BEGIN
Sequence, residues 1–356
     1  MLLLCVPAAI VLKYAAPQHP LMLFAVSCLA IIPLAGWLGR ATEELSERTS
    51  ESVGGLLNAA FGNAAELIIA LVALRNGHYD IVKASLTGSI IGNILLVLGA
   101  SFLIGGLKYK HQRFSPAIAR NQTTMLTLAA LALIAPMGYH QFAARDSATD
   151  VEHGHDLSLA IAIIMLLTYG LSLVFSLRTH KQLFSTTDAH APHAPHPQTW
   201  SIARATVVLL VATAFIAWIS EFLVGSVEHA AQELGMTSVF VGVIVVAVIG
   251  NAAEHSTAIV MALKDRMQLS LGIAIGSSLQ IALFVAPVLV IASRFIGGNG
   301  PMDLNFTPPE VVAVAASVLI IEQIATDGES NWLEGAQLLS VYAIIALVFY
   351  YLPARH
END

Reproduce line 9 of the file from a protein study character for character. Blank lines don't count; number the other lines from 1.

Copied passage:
   351  YLPARH